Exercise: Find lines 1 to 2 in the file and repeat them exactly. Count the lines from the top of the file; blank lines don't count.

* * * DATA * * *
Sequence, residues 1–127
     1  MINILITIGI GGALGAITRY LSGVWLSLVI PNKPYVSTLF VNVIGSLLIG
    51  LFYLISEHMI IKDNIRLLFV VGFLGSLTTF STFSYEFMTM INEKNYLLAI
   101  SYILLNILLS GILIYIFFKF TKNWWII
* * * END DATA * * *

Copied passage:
Sequence, residues 1–127
     1  MINILITIGI GGALGAITRY LSGVWLSLVI PNKPYVSTLF VNVIGSLLIG